Struggles

When I started this blog a few years ago I thought it would be about writing. That I would share my journey as I learned and struggled with stories and words. Those early posts are stilted and uncomfortable when I read them now.

Slowly, other stories started filtering onto the page in spite of myself. I struggled to find the balance, to keep the focus on writing, to not turn a public forum into a personal diary. But when I gave up trying to be writerly and professional and just started chatting, my friends gathered around.

I’ve struggled for almost a year to not turn this blog into a journey of grief. I come here and chat with friends, but as I’m sure you’ve noticed, some stories sink back into loss.

We near the first year anniversary of our Sam’s death and here I am, laying grief down in words again.

I struggle with wondering what he was doing a year ago today. Living his life fully, dealing with good and bad, stress and joy, friends and work, loving his family, just like we all do. And of course in his case, living fully as a river spirit. He knew what he did was dangerous but I doubt he had premonitions or hesitations or doubt in those last days.

jennie aug 2010 037

I struggle with thoughts about how I would live my life if I knew I had only days. We all ask ourselves that question at some point. But seriously, pause for a minute, move past the cliché of that question, and think about it.

I struggle with how to be around those who love him. Not ‘loved’ him. Their love for him didn’t end when he died. I want to dive deep into that dark well of grief with them, and yet life is all around us. We laugh and share and love each other’s company. And if in the midst of that, we fall into silence, or tears suddenly rise, it’s not awkward because we see and we know and we feel. There’s complete freedom in their company.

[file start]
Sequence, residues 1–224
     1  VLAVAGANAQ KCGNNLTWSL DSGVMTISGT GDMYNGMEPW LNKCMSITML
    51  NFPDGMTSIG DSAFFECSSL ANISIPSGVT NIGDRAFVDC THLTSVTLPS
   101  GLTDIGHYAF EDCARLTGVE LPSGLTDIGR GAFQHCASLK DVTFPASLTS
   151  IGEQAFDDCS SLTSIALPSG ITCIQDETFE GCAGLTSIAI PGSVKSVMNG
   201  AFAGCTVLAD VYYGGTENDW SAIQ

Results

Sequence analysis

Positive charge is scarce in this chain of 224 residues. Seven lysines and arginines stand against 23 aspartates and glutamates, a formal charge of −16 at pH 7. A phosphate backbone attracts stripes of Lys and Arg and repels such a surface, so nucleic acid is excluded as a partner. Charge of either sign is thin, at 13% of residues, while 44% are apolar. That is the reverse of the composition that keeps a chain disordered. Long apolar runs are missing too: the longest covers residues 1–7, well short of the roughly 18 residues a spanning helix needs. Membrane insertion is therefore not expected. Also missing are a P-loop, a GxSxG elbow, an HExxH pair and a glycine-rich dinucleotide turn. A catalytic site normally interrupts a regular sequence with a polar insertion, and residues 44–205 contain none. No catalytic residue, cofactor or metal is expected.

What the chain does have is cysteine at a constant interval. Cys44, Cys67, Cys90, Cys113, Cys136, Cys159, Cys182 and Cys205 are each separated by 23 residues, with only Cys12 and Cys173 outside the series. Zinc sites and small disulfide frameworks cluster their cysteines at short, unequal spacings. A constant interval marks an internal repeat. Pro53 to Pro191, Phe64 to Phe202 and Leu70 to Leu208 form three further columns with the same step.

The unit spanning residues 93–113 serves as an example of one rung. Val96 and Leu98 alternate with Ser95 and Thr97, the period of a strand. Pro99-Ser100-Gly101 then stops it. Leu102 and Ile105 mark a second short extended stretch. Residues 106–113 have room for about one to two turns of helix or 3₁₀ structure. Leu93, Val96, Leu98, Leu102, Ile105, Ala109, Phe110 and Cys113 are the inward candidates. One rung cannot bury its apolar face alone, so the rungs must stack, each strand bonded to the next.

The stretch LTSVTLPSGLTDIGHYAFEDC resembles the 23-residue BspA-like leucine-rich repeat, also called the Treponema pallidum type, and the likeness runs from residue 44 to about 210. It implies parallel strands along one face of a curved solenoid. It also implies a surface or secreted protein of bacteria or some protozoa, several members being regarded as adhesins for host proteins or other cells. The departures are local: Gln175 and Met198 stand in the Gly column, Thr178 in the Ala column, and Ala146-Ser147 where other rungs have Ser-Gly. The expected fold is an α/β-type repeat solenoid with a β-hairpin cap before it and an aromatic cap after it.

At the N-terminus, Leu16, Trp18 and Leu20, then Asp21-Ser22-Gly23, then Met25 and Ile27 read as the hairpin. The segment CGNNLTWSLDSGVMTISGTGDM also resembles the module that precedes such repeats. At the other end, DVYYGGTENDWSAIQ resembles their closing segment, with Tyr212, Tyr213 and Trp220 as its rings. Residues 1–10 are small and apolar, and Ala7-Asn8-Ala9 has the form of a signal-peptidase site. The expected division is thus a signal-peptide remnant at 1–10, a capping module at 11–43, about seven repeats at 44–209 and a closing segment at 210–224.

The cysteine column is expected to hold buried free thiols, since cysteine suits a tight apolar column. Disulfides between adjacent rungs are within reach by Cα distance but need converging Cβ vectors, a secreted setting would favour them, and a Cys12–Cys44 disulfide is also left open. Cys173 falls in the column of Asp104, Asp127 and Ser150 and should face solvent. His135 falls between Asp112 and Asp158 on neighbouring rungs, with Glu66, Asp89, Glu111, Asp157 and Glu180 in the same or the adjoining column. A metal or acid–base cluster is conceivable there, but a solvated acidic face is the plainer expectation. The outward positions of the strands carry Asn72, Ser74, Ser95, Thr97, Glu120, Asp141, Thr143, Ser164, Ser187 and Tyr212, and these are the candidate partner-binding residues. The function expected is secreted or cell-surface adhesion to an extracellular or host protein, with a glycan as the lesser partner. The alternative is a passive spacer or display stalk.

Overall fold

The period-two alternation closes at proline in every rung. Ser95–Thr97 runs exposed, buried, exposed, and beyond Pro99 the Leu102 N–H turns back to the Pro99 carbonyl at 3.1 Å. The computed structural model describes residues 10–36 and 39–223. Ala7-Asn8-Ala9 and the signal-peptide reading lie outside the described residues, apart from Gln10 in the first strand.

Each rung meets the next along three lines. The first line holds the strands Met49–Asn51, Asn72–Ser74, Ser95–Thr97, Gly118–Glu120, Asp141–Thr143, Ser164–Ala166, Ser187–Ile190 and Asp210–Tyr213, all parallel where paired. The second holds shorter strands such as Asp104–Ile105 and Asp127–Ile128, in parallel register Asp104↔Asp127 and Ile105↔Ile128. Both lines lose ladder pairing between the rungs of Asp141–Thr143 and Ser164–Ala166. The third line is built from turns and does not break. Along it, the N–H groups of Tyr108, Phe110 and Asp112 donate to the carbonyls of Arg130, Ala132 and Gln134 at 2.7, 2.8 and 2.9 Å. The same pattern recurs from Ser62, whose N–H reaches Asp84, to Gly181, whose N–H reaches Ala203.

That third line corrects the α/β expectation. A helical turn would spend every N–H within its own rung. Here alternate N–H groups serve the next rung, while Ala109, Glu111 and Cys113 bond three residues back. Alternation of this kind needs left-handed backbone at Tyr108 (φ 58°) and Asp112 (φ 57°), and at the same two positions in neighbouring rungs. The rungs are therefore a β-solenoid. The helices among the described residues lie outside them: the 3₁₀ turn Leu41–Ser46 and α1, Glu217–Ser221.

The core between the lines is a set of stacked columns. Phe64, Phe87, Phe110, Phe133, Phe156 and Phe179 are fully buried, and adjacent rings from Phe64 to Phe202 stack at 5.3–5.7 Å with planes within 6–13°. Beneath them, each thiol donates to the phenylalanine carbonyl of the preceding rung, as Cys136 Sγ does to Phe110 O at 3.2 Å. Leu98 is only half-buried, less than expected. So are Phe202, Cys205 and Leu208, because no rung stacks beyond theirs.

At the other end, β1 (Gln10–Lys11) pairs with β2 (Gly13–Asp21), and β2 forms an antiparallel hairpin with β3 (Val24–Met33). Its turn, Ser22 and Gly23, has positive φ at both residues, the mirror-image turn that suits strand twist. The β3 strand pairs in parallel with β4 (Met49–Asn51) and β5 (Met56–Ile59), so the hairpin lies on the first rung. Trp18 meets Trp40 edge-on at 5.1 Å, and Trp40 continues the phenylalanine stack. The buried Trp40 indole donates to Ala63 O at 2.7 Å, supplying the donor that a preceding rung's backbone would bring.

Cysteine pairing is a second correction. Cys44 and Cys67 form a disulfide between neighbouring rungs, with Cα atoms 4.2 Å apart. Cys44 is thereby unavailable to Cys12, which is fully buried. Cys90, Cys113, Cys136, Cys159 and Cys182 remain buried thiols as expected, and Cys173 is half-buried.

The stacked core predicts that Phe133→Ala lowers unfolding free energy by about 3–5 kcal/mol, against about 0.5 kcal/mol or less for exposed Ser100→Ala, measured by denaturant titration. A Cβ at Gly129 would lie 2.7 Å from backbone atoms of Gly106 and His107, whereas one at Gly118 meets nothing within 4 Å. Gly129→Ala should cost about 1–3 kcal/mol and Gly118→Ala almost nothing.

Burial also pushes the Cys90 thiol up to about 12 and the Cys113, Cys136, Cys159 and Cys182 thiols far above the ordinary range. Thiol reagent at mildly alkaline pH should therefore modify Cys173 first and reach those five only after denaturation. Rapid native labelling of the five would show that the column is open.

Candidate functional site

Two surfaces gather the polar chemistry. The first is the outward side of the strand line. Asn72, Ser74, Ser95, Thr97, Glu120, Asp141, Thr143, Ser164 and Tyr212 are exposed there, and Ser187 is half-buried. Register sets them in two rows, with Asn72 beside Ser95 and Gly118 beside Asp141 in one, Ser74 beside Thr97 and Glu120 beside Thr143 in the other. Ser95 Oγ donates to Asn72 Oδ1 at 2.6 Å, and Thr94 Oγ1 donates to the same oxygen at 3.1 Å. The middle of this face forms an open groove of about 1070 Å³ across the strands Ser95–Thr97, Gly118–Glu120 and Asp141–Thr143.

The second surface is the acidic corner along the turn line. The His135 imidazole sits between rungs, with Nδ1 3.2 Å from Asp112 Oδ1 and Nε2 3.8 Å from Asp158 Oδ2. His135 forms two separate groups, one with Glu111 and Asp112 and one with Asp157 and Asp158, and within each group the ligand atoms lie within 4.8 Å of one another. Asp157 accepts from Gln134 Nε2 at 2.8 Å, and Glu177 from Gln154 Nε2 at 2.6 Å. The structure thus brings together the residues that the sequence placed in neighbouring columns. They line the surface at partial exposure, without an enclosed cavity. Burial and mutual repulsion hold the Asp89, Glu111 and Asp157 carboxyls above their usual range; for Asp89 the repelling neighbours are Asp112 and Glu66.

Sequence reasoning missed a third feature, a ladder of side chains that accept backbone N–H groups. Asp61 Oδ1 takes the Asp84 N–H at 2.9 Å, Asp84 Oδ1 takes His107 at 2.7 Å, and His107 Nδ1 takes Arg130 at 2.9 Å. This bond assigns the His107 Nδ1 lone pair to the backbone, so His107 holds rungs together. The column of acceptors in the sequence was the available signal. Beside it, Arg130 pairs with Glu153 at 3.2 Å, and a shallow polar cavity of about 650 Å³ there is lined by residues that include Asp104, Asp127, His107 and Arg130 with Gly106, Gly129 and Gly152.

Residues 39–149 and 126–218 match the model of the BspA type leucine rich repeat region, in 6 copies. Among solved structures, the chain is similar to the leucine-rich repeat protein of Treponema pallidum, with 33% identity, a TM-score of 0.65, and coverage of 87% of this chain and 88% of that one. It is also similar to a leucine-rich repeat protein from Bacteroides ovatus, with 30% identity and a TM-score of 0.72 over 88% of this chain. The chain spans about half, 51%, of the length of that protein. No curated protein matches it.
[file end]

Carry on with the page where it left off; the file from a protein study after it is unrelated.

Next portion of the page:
And so we look warily at the coming date knowing it is going to be so incredibly hard. And yet there will be a river float and once again all the kayaks will be bright flowers on the water. Afterwards there will be food and laughter, family and friends, in our mountains.

And stories.

I’ve never struggled in the safe cup of stories.

lookout point 007

 

I Remember Her

Fifty years ago this month my young life was in upheaval. A man in the house taking on the role of father. Two teenagers taking on the roles of elder sisters, releasing me from the responsibility of being the oldest. A new house to hold all of us. A new school.

lisa 6th birthday

I remember that time and I remember the stories but I think back now and wonder who she was.

Did I know her?

She wrote behind closed doors. She was painfully shy and blushed beet red and knew she was ugly and didn’t know how to fit in.

Thirty years ago there was another major upheaval. Siblings gone, parents retired, a move to the woods.

Did I know her?

She had a little more confidence but she still wrote in secret, this time by kerosene lantern. She had a clear vision of who she was going to be – an old hermit living alone in the woods with her books and stories and dogs. And when she walked down the narrow track through the overgrown spot in the forest that would be her home, she absolutely knew with a deep certainty that this was where she was meant to be. She spent many hours wandering the woods with field guides.